A few weeks ago I started running again. Most folks probably call jogging, as my pace is closer to speed walking than sprinting. Running brings up memories of high school cross-country, memories which are etched into my mind from the pain and nausea. I joined cross-country to train for basketball season. Running was my enemy, I hated practice. But little by little, I improved and even started to enjoy it. I also gained little tidbits of advice on technique, which echo in my head every run I go on. To this day, whenever I hit an incline I can hear my coach telling me to just focus on the putting one foot in front of the other - "knees up and arms pumping!" Encouraging me to keep my eyes on the next step, not beyond that.
These words of advice were on repeat last week as ran through Hendricks Park, a favorite urban jungle of mine. On one particular hill, through trail and error, I've noticed if I try to keep my eye on the prize - the top of the hill - I tend to feel discouraged and succumb to exhaustion. But, if I just look down at my feet and focus on the present then I can push through.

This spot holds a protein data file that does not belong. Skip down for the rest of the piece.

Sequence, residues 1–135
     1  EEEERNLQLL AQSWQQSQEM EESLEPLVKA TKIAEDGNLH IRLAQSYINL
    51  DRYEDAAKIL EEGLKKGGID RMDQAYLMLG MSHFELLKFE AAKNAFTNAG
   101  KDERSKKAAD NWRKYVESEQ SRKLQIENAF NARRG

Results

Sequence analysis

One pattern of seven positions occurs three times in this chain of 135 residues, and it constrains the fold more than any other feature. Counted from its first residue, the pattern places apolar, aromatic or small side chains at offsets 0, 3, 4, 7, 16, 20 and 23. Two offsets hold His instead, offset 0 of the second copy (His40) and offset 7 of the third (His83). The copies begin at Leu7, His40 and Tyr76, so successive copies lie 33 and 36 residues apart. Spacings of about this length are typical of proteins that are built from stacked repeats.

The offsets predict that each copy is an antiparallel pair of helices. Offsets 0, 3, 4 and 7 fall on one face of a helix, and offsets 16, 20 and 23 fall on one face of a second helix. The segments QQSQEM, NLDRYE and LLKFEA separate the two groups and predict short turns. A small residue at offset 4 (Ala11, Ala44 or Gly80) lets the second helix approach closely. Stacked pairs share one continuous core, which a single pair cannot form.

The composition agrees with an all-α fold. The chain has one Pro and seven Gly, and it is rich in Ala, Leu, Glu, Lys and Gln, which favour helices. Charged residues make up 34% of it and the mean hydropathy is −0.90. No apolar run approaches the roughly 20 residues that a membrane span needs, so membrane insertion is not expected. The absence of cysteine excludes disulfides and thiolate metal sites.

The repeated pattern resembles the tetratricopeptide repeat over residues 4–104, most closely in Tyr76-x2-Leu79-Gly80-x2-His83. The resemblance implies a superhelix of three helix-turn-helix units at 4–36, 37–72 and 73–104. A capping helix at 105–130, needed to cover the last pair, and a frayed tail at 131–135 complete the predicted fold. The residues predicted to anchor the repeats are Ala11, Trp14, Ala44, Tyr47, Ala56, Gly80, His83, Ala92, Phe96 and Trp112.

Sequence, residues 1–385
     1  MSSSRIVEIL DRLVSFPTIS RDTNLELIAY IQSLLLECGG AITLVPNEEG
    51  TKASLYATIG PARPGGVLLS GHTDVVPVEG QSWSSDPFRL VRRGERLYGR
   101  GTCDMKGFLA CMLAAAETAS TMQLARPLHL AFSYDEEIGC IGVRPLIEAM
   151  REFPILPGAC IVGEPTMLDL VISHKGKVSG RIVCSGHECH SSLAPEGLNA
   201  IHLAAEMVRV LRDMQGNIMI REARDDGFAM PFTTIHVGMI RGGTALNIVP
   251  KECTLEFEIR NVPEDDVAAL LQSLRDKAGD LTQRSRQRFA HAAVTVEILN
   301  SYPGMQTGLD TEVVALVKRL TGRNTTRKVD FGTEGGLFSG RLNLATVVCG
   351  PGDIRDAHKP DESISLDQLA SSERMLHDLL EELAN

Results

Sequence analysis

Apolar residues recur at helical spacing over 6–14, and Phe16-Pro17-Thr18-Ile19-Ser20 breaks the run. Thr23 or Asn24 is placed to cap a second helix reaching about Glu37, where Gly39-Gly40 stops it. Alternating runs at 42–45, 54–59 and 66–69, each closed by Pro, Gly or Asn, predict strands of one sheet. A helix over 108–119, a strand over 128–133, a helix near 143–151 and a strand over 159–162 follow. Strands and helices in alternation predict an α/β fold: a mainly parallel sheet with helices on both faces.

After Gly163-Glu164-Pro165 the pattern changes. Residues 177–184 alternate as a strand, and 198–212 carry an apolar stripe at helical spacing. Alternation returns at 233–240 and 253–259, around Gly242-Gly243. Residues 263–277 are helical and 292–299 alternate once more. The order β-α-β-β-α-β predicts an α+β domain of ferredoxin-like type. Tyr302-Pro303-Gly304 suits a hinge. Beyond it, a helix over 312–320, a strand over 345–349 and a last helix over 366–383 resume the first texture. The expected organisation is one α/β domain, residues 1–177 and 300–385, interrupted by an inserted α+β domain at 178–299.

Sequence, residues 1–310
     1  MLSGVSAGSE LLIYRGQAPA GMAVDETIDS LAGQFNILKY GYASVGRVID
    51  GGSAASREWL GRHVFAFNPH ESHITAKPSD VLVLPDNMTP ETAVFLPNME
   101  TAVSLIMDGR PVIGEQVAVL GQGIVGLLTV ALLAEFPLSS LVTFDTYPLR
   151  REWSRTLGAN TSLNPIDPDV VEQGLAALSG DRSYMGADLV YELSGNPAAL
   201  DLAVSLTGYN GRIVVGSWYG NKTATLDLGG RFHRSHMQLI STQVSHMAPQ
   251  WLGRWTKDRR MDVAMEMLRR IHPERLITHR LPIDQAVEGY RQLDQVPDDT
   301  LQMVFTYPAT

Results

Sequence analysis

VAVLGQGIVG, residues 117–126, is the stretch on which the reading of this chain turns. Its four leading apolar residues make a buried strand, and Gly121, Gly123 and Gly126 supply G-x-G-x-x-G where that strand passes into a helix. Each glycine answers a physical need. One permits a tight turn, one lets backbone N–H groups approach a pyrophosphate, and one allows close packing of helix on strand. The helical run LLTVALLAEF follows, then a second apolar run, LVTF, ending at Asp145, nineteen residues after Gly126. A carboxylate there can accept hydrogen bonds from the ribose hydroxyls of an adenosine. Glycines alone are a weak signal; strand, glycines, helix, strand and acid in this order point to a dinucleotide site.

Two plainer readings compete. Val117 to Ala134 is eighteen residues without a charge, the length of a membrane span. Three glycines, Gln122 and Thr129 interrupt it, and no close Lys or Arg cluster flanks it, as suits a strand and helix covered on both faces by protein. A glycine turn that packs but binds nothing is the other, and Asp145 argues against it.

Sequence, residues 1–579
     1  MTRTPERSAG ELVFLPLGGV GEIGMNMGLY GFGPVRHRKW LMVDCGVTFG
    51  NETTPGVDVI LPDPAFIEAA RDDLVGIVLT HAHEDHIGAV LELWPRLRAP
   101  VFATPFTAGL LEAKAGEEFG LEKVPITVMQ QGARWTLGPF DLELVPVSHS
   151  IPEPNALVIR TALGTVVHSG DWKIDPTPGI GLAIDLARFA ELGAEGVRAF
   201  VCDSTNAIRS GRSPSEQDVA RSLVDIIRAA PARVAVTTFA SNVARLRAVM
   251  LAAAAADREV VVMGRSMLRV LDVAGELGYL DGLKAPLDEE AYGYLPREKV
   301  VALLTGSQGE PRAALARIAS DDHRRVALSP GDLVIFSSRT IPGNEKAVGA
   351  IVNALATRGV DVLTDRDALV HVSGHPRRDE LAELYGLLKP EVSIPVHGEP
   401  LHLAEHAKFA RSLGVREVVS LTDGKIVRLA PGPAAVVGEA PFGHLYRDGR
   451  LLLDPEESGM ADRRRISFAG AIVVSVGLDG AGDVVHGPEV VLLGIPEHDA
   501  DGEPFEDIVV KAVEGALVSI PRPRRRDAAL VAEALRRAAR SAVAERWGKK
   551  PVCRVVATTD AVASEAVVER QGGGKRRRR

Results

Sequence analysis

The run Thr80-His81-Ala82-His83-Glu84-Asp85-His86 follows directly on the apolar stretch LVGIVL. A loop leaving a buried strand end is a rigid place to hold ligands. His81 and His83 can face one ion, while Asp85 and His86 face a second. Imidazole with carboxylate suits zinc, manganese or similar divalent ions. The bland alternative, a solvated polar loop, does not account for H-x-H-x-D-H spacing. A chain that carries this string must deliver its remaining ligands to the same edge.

You saw this coming - the application of this advice to my life - I tend to get pretty caught up in planning. I did get a minor in city planning after all, but I also am constantly planning events, planning adventures, planning the next step of my life. But at the moment, I'm recognizing a huge importance on focusing on the now: taking advantage of thirty minutes of blue sky, seizing the day, letting go of productivity as the only means to happiness, and dismissing that nagging voice asking me - where will you be living six months? What will you be doing?
I'm on a flat spot now, the going is pretty manageable, enjoyable even. Looking ahead I see an incline, with no summit in sight. Remembering the advice of my coach, I'm going to take this on one step at a time.
Tuesday, February 7, 2012
My housemate C is a photographer and spends his days working on a slew of multimedia projects for publications. Here's one he completed recently about my experience picking up food by bike once a week for our student cooperative house. Enjoy!